Solving Mixed-Integer Non-Linear Problem

(Ahmed Al-baidhani) #1

I’m trying to solve the following mixed-integer non-linear optimization problem:
\underset{\mathbf{p},\mathbf{h},\mathbf{a},\mathbf{b}}{\text{min.}} \quad P= \sum_{\mathcal{K}}p+\sum_{\mathcal{J}}h
\text{subject to}
\quad \quad \quad \ \ \prod_{\mathcal{K}}\big(1+\frac{a* p_{k}* l_{k}}{1+e*P}\big) \geq 2^{c}
\quad \quad \quad \ \ \sum_{\mathcal{J}}b*h_{j}*l_{j}+b*e*P \geq s
\quad \quad \quad \ \ 0 \leq p_{k}+h_{j} \leq f_{max}
\quad \quad \quad \ \ 0 \leq p_{k} \leq f_{max}, \quad \quad \quad \ \ 0 \leq h_{j} \leq f_{max}
\quad \quad \quad \ \ a \in \{0,1\}, b \in \{0,1\}
\quad \quad \quad \ \ \sum_{\mathcal{K}} a+\sum_{\mathcal{J}}b \leq N

l \in \mathbb{R}^{N \times 1} represents the eigenvalues of the matrix \mathbf{H}^{H}\mathbf{H}, where \mathbf{H}\in \mathbb{C}^{N \times N} is a full rank matrix and e is a constant (always we use 0.1 or any number less than 0.1). The problem is not convex due to binary variables multiplication in the first and the second constraints and also due to the product \prod_{\mathcal{K}}... in the first constraint.

To linearize the binary variables, I have used proposition 1 in the following paper SVD-TWC as follows:
p-(1-a)*f_{max} \leq p \leq a.*f_{max}
h-(1-b)*f_{max} \leq h \leq b.*f_{max}
While for the product term in the first constraint, I have used (geo_mean) function as suggested in this post.
The only term that I was not able to deal with is the second term at the second constraint (b*e*P). I used the following code to test the solution without considering b*e*P

cvx_solver gurobi
variables p(N) h(N) y(N)
variable a(N) binary
variable b(N) binary
expression x0
minimize sum(p)+sum(h)
subject to

and this works fine. Any idea how to deal with the term b*e*P?



(Mark L. Stone) #2

Can you apply the technique in section 2.8 of to linearize the product of a binary with a continuous variable?

(Ahmed Al-baidhani) #3

Thanks Mark!

The problem with the technique in section 2.8 is adding up N*e*P instead of b*e*P. I used 0 as the lower bound and N*e*f_{max} as the upper bound and relaxed the term b*e*P as follows:
0 \leq y \leq N*e*f_{max}
0 \leq e*P-y \leq (1-b)*e*f_{max}

I used to declare y as a new variable in the CVX and updated the constraint sum(h.*l) to sum(h.*l)+y and added the above equations as new constraints.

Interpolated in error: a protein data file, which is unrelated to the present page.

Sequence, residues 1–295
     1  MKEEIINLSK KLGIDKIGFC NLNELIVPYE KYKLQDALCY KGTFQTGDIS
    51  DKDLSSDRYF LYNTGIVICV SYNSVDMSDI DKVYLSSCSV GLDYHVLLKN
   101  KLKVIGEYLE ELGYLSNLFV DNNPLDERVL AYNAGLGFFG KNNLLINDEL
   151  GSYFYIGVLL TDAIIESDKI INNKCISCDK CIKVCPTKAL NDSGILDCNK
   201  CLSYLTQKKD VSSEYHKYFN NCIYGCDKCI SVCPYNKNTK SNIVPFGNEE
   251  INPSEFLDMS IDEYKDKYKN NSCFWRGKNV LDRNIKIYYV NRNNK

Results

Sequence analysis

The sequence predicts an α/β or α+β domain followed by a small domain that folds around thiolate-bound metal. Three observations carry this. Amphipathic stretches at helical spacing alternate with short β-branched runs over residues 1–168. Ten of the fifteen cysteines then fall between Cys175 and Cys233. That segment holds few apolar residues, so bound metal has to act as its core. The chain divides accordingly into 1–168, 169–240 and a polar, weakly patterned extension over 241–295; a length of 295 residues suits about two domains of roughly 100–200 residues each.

The solution that I expect is \sum_{1}^{K}(h_kl_k+e*P), where K=\sum{b} but applying the obove technique gives \sum_{1}^{K}h_kl_k+\sum_{1}^{N}e*P.

(Mark L. Stone) #4

I’m rather confused by the post. I don;t see the difference between the solution you expect vs. what you got. I’m even confused as to the dimensions of your original 2nd inequality (are e and s scalars ?).

In your new inequalities, why does b not appear on RHS of the first? Where is N in RHS of 2nd?

I’m not sure whether you’re already doing this (i’m confused on dimensions), but you need to apply the technique in section 2.8 separately to each scalar product term, even though you can vectorize the resulting formulation.

There may be more I don’t understand, but perhaps this is enough to get you reexamining things as necessary.

(Ahmed Al-baidhani) #5

It is my mistake, I missed to put b and N on the inequalities above and they are updated to
0 \leq y \leq b*N*e*f_{max}
0 \leq e*P-y \leq (1-b)*N*e*f_{max}

Both e and s are scalars. However, I have tested the code after this modification and it seems the problem is solved but only a minor issue remaining. The issue is that sometimes the solution returns h with some values approximately zero (1e-10). Is there any way to avoid this issue?

BTW, the constraint sum(h.*l)+y should be sum(h.*l+y) and my point here if the optimal solution, for example, requires three of the eigenvalues l to satisfy s, then there are only 3*e*P will be added up the sum of h*l i.e; (\sum_{j=1}^{3} h_j.l_j)+3*e*P

(Mark L. Stone) #6

I don’t understand what your program does or is supposed to do, what the eigenvalues are supposed to satisfy, etc.

What is the issue with h values being approximately zero? If you want them to be exactly zero, then adjust the solution after CVX completes.

I have no idea what you’re talking about in your last paragraph.